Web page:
Why: The 28-year-old Judd Apatow protege made a play for the big leagues this year, dropping half his body weight, co-starring in a big budget sports drama with Brad Pitt, and co-creating his own animated FOX series, "Allen Gregory." Every year one of Apatow's boys kicks some Hollywood ass. 2007 was Seth Rogen's year with Knocked Up. 2008 was Jason Segel's year with Forgetting Sarah Marshall. And this year was finally Hill's turn. But this is only the beginning...
What's Next: Next year, his first writing credit will hit theaters when he partners up with Channing Tatum for the revival of the action comedy 21 Jump Street; then he'll costar with Ben Stiller and Vince Vaughn in the comedy Neighborhood Watch; then he'll costar with Mark Wahlberg in the action comedy Good Time Gang; then he'll reteam with his buddies James Franco, Seth Rogen, Danny McBride, and Jay Baruchel in the action comedy in The Apocalypse; and then he'll reprise his role in the animated sequel How to Train Your Dragon 2.
Why: Every "SNL" generation has a few stars who eventually breakout on their own. Andy Samberg tried in '07 with Hot Rod and Will Forte tried with MacGruber in '10, but neither had any luck. They seem presently destined for cameos and supporting roles. But after building up her resume with the help of a few "SNL" and comedy friends, she developed street cred for being up for anything. She's not just a chick in a film. She's a comedian. She revived the women-can-be-funny-too belief when she co-wrote Bridesmaids and bucked every girly stereotype comedies usually brand women with.
What's Next: The comedy Imogene with Annette Bening, Mat Dillon, and Darren Criss; the dramedy Revenge for Jolly! with Elijah Wood, Ryan Phillippe, and Oscar Isaac; the horror comedy Freezing People is Easy with Owen Wilson and Paul Rudd; the Sean Penn-directed comedy The Comedian with Robert De Niro; and the animated sequel How to Train Your Dragon 2.
Why: Meryl Streep's daughter has actually done a few films in the last five years, but her official debut was in a short-lived adventure medical drama. For 60 minutes every week, we forgot she was Hollywood royalty or had such a hard act to follow, and managed to enjoy her curt comedic deadpan delivery without being distracted.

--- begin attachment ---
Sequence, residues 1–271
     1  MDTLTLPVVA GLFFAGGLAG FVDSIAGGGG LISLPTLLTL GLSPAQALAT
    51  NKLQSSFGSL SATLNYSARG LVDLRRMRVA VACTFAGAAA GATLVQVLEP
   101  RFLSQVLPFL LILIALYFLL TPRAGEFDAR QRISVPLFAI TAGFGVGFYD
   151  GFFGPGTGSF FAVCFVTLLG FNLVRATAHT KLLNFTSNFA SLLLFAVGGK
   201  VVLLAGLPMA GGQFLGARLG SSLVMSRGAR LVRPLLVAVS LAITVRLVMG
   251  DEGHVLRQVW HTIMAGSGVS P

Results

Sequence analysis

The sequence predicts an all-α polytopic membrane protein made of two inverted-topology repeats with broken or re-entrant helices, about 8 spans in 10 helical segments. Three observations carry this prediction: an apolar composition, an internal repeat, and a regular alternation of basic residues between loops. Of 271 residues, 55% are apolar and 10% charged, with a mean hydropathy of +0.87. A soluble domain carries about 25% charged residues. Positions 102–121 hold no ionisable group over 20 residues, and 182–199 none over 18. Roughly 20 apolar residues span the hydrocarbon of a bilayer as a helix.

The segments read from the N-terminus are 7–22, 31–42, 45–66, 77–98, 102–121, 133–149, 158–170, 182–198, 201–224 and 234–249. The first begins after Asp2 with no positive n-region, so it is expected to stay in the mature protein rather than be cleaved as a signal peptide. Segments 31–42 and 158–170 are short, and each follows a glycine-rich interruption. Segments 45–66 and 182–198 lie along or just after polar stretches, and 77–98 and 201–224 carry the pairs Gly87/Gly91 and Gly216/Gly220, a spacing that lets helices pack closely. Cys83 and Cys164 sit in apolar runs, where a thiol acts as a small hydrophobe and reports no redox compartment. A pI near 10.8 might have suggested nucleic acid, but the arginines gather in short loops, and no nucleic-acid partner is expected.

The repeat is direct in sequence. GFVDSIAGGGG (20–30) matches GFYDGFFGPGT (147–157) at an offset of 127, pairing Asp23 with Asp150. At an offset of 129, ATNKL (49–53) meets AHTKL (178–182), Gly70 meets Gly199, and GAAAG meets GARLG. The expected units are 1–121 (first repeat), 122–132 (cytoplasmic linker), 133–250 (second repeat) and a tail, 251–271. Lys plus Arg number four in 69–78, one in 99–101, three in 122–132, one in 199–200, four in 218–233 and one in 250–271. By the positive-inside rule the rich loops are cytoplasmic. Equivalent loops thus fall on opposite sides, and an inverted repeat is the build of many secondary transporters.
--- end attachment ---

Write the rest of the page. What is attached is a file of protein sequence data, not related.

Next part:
What's Next: The comedy He's Way More Famous Than You.
Breakout Role: A sleazy defense attorney in Lincoln Lawyer
Why: In '99, McConaughey made his first big splash with the comedy Edtv. But once the ladies discovered how dreamy he was in 2001's The Wedding Planner, he became the romantic comedy love interest. It didn't matter that between rom-coms he filmed the adventure film Sahara or the dramatic thriller Two for the Money, or the sports drama We Are Marshall. He was just a topless six-pack with a charming Southern accent and a bohemian lifestyle. It wasn't until he starred in a crime drama adaptation where he got in touch with his inner dirtbag that everyone realized that maybe the 42-year-old actor could do more than glisten.
What's Next: The thriller The Paperboy with Nicole Kidman and Zac Efron; the stripper comedy Magic Mike with Channing Tatum; the drama Mud with Reese Witherspoon; and the war drama Thunder Run with Gerard Butler and Sam Worthington.
Why: It's tough being the comic relief on a serious series, but it's even tougher on a comedic series. Everyone's being funny. Everyone's got their own one-liners. And everyone's got their own schtick. It's hard to standout. But Greenfield infuses Schmidt with just enough douchey, self-conscious, over-eager desperation to be funny without being annoying. It's a delicate balance, and after more than 10 years of bopping around television, he's finally found his groove.